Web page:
With both its accuracy and capacity debated by the public and even experts, COVID-19 testing has become a core focus as the United States tries to contain the spread of the Omicron variant amid the latest surge of coronavirus cases in the country.
The seven-day rolling average of newly reported infections nationwide was about 240,000, up by 60 percent from the previous week, while hospitalizations rose by only 14 percent during the same period, Rochelle Walensky, director of the U.S. Centers for Disease Control and Prevention (CDC), told reporters on Wednesday.
Millions of rapid at-home COVID-19 tests are flying off pharmacy shelves across the country, giving Americans an instant, if sometimes imperfect, read on whether they are infected with the coronavirus, reported The New York Times on Thursday, noting that the results are rarely reported to public health departments, exacerbating the longstanding challenges of maintaining an accurate count of cases when infections surge.
"At the minimum, the widespread availability of at-home tests is wreaking havoc with the accuracy of official positivity rates and case counts. At the other extreme, it is one factor making some public health experts raise a question that once would have been unthinkable: Do counts of coronavirus cases serve a useful purpose, and if not, should they be continued?" said the report.
"Our entire approach to the pandemic has been case-based surveillance: We have to count every case, and that's just not accurate anymore," said Marcus Plescia, chief medical officer at the Association of State and Territorial Health Officials, a national nonprofit organization representing public health agencies in the United States. "It's just becoming a time where we've got to think about doing things differently."
Meanwhile, new research suggested that rapid tests widely used to identify potential COVID-19 cases might be less effective at identifying illness caused by the swiftly spreading Omicron variant, reported The Washington Post, noting that "the finding is the latest complication for anyone trying to strike a common-sense balance between being vigilant and returning to normalcy as the country approaches the third year of the pandemic."
The research, issued on Tuesday by the U.S. Food and Drug Administration (FDA) and produced by the National Institutes of Health (NIH), said the rapid antigen tests, which have been in high demand and often hard to find this holiday season, "do detect the Omicron variant but may have reduced sensitivity." However, the findings do not necessarily mean the tests will be less sensitive in the real world.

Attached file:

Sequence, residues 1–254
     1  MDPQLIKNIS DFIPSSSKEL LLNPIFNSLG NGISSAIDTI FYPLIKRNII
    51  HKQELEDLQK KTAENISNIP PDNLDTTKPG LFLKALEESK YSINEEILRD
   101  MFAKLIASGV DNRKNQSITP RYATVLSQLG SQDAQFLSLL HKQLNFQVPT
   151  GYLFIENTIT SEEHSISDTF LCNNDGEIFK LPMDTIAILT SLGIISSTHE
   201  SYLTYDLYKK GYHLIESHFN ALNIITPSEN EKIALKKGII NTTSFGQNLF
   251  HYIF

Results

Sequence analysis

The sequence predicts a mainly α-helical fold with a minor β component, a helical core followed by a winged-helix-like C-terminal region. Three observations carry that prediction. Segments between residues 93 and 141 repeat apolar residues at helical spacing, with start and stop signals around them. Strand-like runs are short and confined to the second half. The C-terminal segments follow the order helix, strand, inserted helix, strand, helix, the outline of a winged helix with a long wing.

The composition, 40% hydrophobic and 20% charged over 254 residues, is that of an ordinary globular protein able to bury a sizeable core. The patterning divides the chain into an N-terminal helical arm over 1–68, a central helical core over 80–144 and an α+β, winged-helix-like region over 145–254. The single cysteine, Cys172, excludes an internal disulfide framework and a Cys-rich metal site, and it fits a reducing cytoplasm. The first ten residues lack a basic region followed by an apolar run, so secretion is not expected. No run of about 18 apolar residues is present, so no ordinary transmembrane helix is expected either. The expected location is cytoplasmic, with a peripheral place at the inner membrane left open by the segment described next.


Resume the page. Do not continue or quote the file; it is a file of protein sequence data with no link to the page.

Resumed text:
Although rapid tests showed reduced sensitivity to Omicron compared with earlier variants in a lab study, the real-world implications are not clear and are still under investigation, said Bruce J. Tromberg, director of NIH's National Institute of Biomedical Imaging and Bioengineering and lead of RADx Tech, an effort to assess and speed up the development of tests in cooperation with the FDA.
"Long lines and empty shelves continue to slow testing for COVID-19 as the highly transmissible Omicron variant spreads, with testing relief likely weeks away," reported The Wall Street Journal on Thursday, adding that the limited availability of test kits is frustrating people seeking tests and complicating efforts to curb the spread of the coronavirus when most needed.
Public health officials were quoted as saying that the dearth of testing, combined with the Omicron variant's highly contagious nature, "could lead to a rapid increase in cases that might overwhelm strapped healthcare systems." There were 710 million tests performed in the past week, compared with 688 million tests in the week ended Dec. 9, according to official data.
People across the country aired their exasperation on social media, detailing their often fruitless searches for tests at government sites, drugstores, hospitals and even fire departments, said the report. Helicopters dispatched by local newscasts showed crowded test sites on the ground below, and friends texted one another in search of information about where at-home test kits might be available.
U.S. President Joe Biden announced on Dec. 21 that his administration would be providing 500 million at-home tests for free across the United States, and according to Arthur Caplan, a bioethicist and professor at New York University Langone Health Division of Medical Ethics, the initiative is still not enough. "Right now, I still think we're not in a great place," Caplan told Yahoo Finance.
"We don't have enough testing. The federal government has promised 500 million tests coming in six weeks or so. 500 million tests is, sadly, not sufficient. These tests require two tests, 24 hours apart, to confirm what you find. That means 250 million people can get tested, if you will, once. We need a lot more testing capability than that," the medical expert was quoted as saying.
"Why are we talking so much about testing? It's because you test and you don't go to school. You test and you don't go to work. That's the way to control spread. It's great to be vaccinated, but it's even better if we can get tested every day, every other day, and then stay home if we're sick. It's simple," added Caplan.